Abstract of Keynote Speech

Cultural Differences in the Epistemic Predictors for Science Reading
Fang-Ying Yang
National Taiwan Normal University

In the research of psychology, the epistemic cognition has been identified as the highest level of cognition mediating human activities. In science education literature, the significant role of epistemic cognition in guiding science learning has also been well documented. However, as shown in our literature review, the tracks of development and the effects of epistemic cognition were not the same across different countries. The phenomenon suggests the existence of cultural difference. An in-depth examination on the cultural difference in epistemic cognition will help educators understand why learners cultivated in different education systems develop different abilities over time. In this talk, I would like to address the issue of cultural difference by comparing epistemic beliefs and reader beliefs in science of learners from India and Taiwan. The reader beliefs in science, defined as a reader’s implicit model of reading reflecting his/her motivation to read, reading goal and strategies used for reading (Schraw & Bruning, 1996), is a psychological construct that was found to predict science text understanding in our recent study. Since reader beliefs in science by definition reflect a reader’s way of knowing from science texts, and in our previous study the construct was found to correlate significantly with epistemic beliefs in science, we regarded reader beliefs in science as a part of epistemic cognition. In the talk, I will present how epistemic beliefs and reader beliefs in science are interacting with each other and affecting science reading behaviors of learners in different cultures.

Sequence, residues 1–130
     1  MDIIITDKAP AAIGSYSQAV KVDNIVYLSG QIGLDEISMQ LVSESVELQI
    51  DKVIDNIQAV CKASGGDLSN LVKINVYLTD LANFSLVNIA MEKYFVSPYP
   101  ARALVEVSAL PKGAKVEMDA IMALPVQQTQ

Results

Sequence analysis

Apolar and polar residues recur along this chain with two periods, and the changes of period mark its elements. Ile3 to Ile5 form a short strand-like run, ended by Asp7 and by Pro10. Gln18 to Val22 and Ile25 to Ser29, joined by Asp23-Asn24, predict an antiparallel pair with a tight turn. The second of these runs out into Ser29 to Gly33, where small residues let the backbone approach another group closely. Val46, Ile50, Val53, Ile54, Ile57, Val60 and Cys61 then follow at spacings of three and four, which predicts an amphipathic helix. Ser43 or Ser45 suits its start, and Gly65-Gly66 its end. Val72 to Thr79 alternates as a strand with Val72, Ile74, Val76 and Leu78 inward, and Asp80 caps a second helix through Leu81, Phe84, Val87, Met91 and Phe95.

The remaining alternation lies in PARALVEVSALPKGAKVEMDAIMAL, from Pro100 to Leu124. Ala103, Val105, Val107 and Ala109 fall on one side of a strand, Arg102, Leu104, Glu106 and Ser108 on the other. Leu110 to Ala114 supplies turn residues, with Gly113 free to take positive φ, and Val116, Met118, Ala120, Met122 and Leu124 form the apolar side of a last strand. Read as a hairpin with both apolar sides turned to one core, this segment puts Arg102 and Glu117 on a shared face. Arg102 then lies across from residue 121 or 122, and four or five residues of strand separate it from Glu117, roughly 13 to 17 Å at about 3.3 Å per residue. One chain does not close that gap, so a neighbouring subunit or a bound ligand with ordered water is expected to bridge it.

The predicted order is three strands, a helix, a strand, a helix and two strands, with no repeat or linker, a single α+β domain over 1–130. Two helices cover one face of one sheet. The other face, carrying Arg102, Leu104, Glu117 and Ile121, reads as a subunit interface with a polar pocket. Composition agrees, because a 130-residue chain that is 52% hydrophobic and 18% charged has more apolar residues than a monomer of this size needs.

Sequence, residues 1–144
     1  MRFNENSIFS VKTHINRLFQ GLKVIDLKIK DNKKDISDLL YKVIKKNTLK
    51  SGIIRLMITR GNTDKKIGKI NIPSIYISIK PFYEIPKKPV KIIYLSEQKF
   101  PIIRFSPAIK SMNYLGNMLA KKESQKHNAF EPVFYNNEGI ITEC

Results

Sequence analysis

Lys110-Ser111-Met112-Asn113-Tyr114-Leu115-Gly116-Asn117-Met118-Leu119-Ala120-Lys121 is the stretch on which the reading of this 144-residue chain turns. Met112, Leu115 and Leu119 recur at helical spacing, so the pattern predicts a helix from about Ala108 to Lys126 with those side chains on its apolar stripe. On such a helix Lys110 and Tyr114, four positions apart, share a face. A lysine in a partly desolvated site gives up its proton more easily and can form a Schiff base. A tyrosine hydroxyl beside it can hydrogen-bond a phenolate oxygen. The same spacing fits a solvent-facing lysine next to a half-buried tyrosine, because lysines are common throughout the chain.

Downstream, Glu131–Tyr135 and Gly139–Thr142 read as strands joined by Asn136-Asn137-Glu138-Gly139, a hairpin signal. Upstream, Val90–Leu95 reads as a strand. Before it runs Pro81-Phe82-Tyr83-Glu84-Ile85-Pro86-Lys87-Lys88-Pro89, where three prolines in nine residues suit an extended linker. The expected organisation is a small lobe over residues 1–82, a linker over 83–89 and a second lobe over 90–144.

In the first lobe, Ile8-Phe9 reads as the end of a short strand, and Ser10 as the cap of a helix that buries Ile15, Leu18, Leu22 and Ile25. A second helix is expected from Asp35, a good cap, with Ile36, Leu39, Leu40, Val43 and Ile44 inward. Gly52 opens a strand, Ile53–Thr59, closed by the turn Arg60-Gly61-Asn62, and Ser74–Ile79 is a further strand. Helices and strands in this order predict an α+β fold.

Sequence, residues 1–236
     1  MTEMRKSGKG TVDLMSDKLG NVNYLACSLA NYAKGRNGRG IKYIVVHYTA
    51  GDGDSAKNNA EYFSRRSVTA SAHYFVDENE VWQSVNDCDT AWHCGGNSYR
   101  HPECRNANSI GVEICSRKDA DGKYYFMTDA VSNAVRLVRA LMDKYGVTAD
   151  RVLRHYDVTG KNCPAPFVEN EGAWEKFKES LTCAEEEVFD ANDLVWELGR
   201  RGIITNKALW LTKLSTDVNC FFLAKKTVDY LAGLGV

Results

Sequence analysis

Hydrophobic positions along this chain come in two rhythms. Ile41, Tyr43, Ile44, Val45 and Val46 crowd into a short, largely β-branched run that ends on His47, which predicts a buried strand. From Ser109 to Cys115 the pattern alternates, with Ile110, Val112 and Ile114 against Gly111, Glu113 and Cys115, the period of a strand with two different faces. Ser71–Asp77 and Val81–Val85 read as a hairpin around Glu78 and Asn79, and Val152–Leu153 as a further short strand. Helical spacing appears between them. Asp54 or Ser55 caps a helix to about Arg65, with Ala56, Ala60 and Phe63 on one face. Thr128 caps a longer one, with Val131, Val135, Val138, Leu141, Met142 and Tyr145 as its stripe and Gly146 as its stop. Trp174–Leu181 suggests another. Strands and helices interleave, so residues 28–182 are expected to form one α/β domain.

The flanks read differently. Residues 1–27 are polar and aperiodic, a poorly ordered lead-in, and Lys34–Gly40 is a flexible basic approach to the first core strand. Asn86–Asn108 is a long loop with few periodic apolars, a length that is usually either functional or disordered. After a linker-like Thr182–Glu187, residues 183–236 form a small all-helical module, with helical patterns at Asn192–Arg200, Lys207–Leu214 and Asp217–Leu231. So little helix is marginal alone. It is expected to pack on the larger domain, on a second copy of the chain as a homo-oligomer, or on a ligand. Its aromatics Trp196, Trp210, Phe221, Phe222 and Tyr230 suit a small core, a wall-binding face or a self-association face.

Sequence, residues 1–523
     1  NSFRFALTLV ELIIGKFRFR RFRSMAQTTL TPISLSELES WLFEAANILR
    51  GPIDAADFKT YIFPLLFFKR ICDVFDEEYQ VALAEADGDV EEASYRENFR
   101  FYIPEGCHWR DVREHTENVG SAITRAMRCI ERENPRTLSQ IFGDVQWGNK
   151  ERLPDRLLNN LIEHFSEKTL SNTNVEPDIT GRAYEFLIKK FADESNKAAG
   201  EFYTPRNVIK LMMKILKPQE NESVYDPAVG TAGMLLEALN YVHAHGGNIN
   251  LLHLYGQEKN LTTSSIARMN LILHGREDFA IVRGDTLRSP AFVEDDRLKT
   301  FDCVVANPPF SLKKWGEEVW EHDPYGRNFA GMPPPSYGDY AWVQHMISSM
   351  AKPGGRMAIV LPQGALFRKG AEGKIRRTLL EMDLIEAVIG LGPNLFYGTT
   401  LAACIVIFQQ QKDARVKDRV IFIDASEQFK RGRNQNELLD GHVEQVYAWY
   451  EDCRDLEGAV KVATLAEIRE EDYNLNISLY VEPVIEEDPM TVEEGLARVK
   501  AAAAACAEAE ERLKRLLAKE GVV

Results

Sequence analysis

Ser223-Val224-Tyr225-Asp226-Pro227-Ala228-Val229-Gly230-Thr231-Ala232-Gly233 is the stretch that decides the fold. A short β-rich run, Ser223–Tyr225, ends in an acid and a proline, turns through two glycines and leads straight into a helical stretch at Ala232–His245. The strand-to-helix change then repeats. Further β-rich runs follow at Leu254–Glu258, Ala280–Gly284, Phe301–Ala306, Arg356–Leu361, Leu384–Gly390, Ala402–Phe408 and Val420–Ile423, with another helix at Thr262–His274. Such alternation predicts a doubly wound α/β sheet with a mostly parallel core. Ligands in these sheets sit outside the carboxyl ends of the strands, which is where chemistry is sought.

Keynote Speaker

Prof. Fang-Ying Yang (Graduate Institute of Science Education, National Taiwan Normal University, Taiwan)

Fang-Ying Yang is a professor at National Taiwan Normal University in the Graduate Institute of Science Education. She received her doctoral degree from Teachers College, Columbia University in 1999. She served as the deputy dean of the Office of Research and Development at National Taiwan Normal University between 2013 and 2015, and was a visiting scholar at University of California, San Diego in 2012. She received Ta-You Wu Memorial Award in 2007 by Minister of Science and Technology in Taiwan, and has been granted many research awards by National Taiwan Normal University over her academic years. Her main research interests include development of scientific reasoning and personal epistemology, conceptual and epistemological development in science, effects of academic and social motivation on learning, process of science-text reading, and multimedia learning. She is now the coordinator of an eye-tracking laboratory in Graduate Institute of Science Education at National Taiwan Normal University. By employing various types of eye trackers, the eye-tracking laboratory aims to explore the processes of science learning in various learning environments, and probe the relations between learning processes and individual characteristics. Her research work is well recognized and has been continuously publishing papers in major international journals in science education and educational research such as International Journal ofScience Education, Computers & Education, Educational Studies, Instructional Science, and Educational Research Review.